In a new study, scientists used a combination of theory, experiment, and simulation to read patterns on long chains of molecules to understand and predict the behavior of disordered strands of proteins and polymers. The work offers detailed insights on the physics behind the precise sequence of charged monomers along the chain and how it affects the polymer’s ability to create self-assembling liquid materials called complex coacervates.
The study was conducted by the team of researchers from the University of Illinois at Urbana-Champaign and the University of Massachusetts Amherst.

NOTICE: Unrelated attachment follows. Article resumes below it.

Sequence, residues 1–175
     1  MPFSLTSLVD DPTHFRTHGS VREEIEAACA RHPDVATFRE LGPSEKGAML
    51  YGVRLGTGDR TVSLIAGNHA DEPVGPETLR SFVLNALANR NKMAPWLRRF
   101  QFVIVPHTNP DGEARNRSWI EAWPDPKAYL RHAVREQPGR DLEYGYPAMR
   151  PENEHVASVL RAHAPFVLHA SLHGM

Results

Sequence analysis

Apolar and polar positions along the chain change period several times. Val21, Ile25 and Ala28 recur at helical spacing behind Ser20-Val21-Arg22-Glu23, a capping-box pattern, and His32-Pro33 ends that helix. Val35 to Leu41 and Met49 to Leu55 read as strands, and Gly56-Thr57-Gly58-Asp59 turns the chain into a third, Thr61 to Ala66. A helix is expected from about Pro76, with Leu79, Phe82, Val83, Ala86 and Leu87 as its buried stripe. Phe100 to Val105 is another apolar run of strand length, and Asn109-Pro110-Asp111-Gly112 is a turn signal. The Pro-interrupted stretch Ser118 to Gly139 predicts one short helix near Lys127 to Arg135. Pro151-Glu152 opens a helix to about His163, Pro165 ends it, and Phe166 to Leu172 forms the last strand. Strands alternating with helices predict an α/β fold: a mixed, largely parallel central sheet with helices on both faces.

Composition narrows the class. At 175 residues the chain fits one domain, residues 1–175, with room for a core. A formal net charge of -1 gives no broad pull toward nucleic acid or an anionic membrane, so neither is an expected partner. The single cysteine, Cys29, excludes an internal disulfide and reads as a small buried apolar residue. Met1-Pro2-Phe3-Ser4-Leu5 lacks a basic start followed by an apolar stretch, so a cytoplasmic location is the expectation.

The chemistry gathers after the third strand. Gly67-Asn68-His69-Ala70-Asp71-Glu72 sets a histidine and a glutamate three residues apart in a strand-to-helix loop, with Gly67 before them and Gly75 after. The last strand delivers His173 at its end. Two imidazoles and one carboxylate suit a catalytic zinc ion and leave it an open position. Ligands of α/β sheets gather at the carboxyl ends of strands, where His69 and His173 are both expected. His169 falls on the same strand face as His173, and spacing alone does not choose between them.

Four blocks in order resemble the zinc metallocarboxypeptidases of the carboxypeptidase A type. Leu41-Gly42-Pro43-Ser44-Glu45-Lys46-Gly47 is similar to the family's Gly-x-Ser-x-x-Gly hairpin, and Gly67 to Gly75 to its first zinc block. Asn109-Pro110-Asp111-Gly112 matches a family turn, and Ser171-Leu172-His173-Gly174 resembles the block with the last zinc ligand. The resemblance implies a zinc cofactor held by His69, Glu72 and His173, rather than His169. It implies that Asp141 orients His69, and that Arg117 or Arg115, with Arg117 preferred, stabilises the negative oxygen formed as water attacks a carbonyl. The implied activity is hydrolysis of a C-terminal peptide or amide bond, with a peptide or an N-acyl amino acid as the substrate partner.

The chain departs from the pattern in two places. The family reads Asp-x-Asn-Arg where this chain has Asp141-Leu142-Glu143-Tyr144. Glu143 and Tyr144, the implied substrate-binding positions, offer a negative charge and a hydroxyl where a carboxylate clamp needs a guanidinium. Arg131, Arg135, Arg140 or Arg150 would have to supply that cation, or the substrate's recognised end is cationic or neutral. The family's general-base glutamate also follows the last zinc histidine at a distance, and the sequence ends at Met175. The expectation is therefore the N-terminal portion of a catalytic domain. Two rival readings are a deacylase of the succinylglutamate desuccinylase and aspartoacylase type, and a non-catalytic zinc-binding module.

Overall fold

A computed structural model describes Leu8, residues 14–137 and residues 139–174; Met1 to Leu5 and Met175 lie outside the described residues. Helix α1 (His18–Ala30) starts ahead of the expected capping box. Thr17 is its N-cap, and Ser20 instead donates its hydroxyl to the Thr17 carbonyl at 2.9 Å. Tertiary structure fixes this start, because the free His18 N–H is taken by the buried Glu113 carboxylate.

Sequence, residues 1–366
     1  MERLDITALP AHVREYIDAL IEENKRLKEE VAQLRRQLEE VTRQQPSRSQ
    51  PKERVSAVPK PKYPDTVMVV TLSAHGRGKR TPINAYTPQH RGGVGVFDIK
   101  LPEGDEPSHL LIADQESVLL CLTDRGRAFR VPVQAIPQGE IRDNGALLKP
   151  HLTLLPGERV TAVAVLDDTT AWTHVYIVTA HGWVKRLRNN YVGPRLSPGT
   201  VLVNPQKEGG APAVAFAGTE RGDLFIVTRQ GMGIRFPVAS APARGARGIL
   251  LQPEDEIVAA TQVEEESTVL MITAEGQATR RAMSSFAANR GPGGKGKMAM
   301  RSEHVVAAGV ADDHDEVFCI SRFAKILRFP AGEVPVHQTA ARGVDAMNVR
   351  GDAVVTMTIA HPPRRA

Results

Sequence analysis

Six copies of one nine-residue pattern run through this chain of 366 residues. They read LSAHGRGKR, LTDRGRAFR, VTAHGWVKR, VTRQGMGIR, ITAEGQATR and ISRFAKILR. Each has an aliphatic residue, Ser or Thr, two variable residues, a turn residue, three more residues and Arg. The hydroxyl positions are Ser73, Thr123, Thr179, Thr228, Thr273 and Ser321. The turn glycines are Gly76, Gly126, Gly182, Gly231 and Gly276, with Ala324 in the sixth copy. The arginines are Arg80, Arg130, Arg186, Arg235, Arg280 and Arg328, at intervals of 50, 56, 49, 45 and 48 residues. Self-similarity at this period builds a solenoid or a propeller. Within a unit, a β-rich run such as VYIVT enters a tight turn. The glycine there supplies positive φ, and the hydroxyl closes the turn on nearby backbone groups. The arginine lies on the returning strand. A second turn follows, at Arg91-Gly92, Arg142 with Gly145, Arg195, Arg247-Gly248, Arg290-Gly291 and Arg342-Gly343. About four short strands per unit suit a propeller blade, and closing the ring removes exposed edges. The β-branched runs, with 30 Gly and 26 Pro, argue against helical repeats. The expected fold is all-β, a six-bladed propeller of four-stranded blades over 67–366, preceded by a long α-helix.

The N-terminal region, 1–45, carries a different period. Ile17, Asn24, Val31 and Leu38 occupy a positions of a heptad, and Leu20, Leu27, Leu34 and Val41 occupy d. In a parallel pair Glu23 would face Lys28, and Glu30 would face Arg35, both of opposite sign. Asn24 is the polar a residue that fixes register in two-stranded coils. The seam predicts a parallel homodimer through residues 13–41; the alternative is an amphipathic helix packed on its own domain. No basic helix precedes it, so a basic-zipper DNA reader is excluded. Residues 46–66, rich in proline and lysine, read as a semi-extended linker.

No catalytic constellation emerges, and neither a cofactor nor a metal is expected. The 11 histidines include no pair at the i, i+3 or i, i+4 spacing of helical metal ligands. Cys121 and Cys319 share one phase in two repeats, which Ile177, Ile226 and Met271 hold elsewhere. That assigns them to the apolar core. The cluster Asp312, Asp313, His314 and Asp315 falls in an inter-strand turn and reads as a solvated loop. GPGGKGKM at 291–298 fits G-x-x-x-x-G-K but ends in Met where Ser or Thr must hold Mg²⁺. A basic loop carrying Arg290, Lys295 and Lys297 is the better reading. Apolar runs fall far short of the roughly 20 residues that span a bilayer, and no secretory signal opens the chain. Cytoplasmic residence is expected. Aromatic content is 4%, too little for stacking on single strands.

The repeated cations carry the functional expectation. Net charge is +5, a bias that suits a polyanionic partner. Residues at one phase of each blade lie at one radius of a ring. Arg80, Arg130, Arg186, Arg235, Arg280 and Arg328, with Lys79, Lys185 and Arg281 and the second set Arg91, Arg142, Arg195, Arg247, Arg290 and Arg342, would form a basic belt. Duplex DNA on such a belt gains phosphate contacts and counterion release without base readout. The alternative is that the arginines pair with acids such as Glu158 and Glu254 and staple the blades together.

The theory for this work was provided by the lab of Charles Sing, assistant professor of chemical and biomolecular engineering at Illinois, and then verified through experiments conducted in the lab of Sarah Perry, assistant professor of chemical engineering at UMass Amherst, and Illinois alumni.
Sing said, “The thing that I think is exciting about this work is that we’re taking inspiration from a biological system. The typical picture of a protein shows that it folds into a very precise structure. This system, however, is based around intrinsically disordered proteins.”